Will China’s Biggest Tech Companies Surpass the FAANGs?

Will China’s Biggest Tech Companies Surpass the FAANGs?

The digital and technology hardware economy of the USA, and by extension the wider ‘West’ is dominated by the FAANGs and a cohort of smaller technology peers. The FAANGs are of course Facebook, Amazon, Apple, Netflix and Alphabet-owned Google. China has its own giant tech companies with its established big three also given its own acronym – BAT. The three letters of BAT stand for Baidu, a search engine provider compared to Google, Alibaba, known as the Chinese Amazon and Tencent, whose biggest product is its WeChat messenger-based social media platform, can perhaps be most closely matched up with Facebook.

While BAT only consists of three companies Huawei is an obvious Chinese rival to Apple and iQiyi is a streaming platform like Netflix. Several of the biggest Chinese tech companies, like Alibaba and iQiyi now also have listings in New York. Tencent’s music streaming unit, a Spotify equivalent, will IPO in New York this month. With almost no exception, there are Chinese equivalents to pretty much any established or promising U.S. tech company you care to mention.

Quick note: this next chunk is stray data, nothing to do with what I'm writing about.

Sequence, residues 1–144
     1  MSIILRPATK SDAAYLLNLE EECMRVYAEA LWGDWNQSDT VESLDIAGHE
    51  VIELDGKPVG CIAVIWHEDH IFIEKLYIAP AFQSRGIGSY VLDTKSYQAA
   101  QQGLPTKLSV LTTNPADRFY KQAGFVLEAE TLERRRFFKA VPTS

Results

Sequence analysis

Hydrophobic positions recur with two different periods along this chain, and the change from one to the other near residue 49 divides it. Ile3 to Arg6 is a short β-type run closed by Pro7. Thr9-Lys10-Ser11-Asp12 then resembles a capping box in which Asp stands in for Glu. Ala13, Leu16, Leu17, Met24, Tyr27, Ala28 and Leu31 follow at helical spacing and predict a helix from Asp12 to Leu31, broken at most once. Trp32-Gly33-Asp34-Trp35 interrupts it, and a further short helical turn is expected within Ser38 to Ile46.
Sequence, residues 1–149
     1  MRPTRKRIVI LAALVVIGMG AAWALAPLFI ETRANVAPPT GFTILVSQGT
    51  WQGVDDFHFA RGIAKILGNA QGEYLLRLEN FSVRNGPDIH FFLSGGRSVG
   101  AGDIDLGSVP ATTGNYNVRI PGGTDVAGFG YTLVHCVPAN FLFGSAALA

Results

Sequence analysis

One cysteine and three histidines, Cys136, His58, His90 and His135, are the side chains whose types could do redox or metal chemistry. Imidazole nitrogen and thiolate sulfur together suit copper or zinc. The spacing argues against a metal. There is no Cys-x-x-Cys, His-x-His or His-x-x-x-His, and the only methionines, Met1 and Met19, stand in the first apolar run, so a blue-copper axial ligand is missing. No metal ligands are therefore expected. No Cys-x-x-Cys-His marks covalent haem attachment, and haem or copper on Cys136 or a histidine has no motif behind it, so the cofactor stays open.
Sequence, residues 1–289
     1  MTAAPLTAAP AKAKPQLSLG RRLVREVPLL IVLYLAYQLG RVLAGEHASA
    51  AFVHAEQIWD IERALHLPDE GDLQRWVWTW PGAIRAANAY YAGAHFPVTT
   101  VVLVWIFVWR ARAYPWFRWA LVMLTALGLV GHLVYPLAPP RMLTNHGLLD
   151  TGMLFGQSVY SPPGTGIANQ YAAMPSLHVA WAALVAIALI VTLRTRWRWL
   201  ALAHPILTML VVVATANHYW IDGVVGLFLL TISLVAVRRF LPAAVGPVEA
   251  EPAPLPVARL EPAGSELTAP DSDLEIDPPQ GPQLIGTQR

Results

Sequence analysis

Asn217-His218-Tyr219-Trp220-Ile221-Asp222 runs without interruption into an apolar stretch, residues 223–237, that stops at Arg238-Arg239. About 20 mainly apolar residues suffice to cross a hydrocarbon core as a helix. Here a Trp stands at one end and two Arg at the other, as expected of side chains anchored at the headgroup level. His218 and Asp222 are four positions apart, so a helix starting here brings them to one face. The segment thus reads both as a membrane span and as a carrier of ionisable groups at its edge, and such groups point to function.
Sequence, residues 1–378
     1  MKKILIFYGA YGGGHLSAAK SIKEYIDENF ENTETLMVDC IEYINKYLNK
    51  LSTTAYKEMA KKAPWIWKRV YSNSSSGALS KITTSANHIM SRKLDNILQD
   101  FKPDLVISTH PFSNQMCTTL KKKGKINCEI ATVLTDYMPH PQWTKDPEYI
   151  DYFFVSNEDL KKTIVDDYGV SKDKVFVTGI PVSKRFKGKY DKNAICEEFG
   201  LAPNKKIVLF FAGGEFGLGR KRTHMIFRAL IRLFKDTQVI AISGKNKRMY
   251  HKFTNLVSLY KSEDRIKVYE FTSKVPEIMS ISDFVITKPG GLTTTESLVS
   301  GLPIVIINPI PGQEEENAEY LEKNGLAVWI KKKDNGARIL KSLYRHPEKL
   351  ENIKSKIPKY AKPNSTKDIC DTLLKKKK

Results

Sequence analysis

Most of the apps on a Chinese smartphone will be logos unknown to anyone from the West. But analysts who specialise in the tech sector believe that over the coming years and decades that will cease to be the case. Some Chinese tech companies already have a significant Western market – most notably Alibaba. That’s a trend expected to continue and many sector experts and observers believe that within the next decade or two China’s big tech companies may well roar past their U.S. and other Western equivalents.